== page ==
The parties agree that the Court should consider four criteria in assessing whether to issue a preliminary injunction. The Court must consider: (1) whether the movant has a strong likelihood of success on the merits; (2) whether the movant would otherwise suffer irreparable injury; (3) whether issuance of a preliminary injunction would cause substantial harm to others; and (4) whether the public interest would be served by issuance of a preliminary injunction. Southwest Williamson County Cmty. Ass'n, Inc. v. Slater, 243 F.3d 270, 277 (6th Cir.2001) (quoting McPherson v. Michigan High School Athletic Ass'n, Inc., 119 F.3d 453, 459 (6th Cir.1997)). A careful review of the record indicates that it is the first factor, the likelihood of success on the merits, which plaintiffs cannot satisfy at this stage and which will be the focus of this opinion.

III. The Parties' Positions

Plaintiffs' briefs [Docs. 3, 21, 25] set forth several arguments why they are likely to succeed on the merits and therefore why they are entitled to a preliminary injunction. In essence, plaintiffs assert that OSM's decision to issue permit 3116 was arbitrary and capricious because OSM did not prepare an EIS for this project. Plaintiffs claim that OSM failed to properly consider alternatives to the proposed action and failed to fully explore the impacts of the proposed action.

RCCC argues that, although plaintiffs claim they want OSM to take a "hard look" at the environmental issues as required by NEPA, plaintiffs really just disagree with OSM's decision and such disagreement does not constitute an arbitrary or capricious decision. [Doc. 20.] RCCC also argues strenuously that revocation of its...

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3 practice notes
  • DINE CITIZENS AGAINST RUINING OUR ENV. v. Klein, Civil Action No. 07-cv-01475-JLK.
    • United States
    • United States District Courts. 10th Circuit. United States District Court of Colorado
    • September 30, 2009
    ...100-101 (rejecting proposition that availability of review under SMCRA bars APA review); see also Save Our Cumberland Mts. v. Norton, 297 F.Supp.2d 1042, 1047 n. 2 (E.D.Tenn.2003) (distinguishing between SMCRA and its remedies and suit seeking recovery under The Federal Defendants assert th......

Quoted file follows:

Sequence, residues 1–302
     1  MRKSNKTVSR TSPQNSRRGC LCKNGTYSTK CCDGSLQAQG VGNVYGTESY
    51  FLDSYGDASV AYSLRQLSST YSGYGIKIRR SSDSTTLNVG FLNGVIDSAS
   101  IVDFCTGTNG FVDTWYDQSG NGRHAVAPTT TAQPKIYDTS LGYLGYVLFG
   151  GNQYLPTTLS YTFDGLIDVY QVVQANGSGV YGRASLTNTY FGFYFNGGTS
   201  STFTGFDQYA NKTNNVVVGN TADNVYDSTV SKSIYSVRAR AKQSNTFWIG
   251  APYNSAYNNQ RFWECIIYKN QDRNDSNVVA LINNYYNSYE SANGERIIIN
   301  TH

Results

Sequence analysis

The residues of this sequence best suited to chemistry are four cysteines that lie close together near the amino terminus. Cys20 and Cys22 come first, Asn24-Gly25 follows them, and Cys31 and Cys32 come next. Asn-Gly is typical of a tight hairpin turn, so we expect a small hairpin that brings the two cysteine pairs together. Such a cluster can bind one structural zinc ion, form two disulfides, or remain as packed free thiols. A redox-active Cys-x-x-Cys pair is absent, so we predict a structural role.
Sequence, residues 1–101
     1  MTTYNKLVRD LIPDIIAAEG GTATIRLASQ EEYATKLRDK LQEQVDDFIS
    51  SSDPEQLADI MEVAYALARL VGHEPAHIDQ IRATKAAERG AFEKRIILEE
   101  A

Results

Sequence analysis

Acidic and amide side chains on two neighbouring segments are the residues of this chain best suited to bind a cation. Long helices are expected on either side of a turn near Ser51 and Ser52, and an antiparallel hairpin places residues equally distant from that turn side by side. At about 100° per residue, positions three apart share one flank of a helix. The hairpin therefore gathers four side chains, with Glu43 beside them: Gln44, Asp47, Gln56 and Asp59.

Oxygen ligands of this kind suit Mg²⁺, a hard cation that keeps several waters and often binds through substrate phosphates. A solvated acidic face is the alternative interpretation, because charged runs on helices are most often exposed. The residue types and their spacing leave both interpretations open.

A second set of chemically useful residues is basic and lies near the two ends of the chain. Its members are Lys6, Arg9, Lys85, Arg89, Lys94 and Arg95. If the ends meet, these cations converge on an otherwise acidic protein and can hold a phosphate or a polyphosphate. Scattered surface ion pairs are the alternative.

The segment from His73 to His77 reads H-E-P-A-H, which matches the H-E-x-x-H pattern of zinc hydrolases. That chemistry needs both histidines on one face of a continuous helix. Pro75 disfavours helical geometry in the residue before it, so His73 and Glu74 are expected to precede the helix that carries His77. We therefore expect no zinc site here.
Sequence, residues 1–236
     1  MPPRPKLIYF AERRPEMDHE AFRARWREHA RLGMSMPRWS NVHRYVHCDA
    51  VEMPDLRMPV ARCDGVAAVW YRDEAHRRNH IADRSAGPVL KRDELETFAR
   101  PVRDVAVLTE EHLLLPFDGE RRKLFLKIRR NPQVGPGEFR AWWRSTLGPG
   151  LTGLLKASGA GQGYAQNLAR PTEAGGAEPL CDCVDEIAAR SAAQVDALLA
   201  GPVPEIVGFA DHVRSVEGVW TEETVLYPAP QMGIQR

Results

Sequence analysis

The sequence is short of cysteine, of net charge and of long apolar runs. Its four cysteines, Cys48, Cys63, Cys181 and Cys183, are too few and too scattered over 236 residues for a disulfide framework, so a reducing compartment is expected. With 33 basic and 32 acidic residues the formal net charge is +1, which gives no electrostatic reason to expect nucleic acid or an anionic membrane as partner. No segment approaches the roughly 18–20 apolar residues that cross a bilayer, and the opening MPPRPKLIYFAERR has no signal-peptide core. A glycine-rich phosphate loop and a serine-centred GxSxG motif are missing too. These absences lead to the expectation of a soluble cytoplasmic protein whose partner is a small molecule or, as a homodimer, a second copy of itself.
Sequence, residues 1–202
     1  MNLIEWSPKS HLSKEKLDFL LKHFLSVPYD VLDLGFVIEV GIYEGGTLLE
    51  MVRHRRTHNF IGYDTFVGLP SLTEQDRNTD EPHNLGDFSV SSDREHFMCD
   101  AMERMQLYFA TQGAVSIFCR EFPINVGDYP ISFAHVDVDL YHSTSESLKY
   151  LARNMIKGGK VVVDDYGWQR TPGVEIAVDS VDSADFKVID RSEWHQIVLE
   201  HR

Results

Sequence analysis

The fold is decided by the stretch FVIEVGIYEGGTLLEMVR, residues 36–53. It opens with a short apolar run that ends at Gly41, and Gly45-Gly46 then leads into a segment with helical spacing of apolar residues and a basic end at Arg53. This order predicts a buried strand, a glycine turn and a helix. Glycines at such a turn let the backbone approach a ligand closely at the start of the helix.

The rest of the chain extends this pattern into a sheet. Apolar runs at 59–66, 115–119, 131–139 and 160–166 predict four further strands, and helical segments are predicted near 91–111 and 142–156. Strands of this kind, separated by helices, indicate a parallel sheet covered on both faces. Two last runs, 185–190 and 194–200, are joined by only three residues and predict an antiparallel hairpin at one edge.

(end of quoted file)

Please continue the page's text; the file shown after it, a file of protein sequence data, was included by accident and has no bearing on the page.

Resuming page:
• Defenders of Wildlife v. Jewell, Case No. 3:13-cv-698-PLR-CCS
    • United States
    • United States District Courts. 6th Circuit. Eastern District of Tennessee
    • January 28, 2015
    ...This conclusion is consistent with previous decisions by this Court and the Sixth Circuit. In Save Our Cumberland Mountains v. Norton, 297 F.Supp.2d 1042 (E.D. Tenn. 2003), the same plaintiffs as in the present action sought relief under the National Environmental Policy Act from the OSM's ......
  • Defenders of Wildlife v. Jewell, No. 2:13-00039
    • United States
    • United States District Courts. 6th Circuit. United States District Court of Middle District of Tennessee
    • November 26, 2013
    ...See, Tennessee Clean Water Network v. Kempthorne, 2007 WL 2220414 (E.D. Tenn. July 27, 2007): Save our Cumberland Mountains v. Norton, 297 F. Supp.2d 1042 (E.D. Tenn. 2003)(internal citation omitted)). While Plaintiffs assert that those cases are distinguishable because there would have bee......
3 cases
  • DINE CITIZENS AGAINST RUINING OUR ENV. v. Klein, Civil Action No. 07-cv-01475-JLK.
    • United States
    • United States District Courts. 10th Circuit. United States District Court of Colorado
    • September 30, 2009
    ...100-101 (rejecting proposition that availability of review under SMCRA bars APA review); see also Save Our Cumberland Mts. v. Norton, 297 F.Supp.2d 1042, 1047 n. 2 (E.D.Tenn.2003) (distinguishing between SMCRA and its remedies and suit seeking recovery under The Federal Defendants assert th......
  • Defenders of Wildlife v. Jewell, Case No. 3:13-cv-698-PLR-CCS
    • United States
    • United States District Courts. 6th Circuit. Eastern District of Tennessee
    • January 28, 2015
    ...This conclusion is consistent with previous decisions by this Court and the Sixth Circuit. In Save Our Cumberland Mountains v. Norton, 297 F.Supp.2d 1042 (E.D. Tenn. 2003), the same plaintiffs as in the present action sought relief under the National Environmental Policy Act from the OSM's ......
  • Defenders of Wildlife v. Jewell, No. 2:13-00039
    • United States
    • United States District Courts. 6th Circuit. United States District Court of Middle District of Tennessee
    • November 26, 2013
    ...See, Tennessee Clean Water Network v. Kempthorne, 2007 WL 2220414 (E.D. Tenn. July 27, 2007): Save our Cumberland Mountains v. Norton, 297 F. Supp.2d 1042 (E.D. Tenn. 2003)(internal citation omitted)). While Plaintiffs assert that those cases are distinguishable because there would have bee......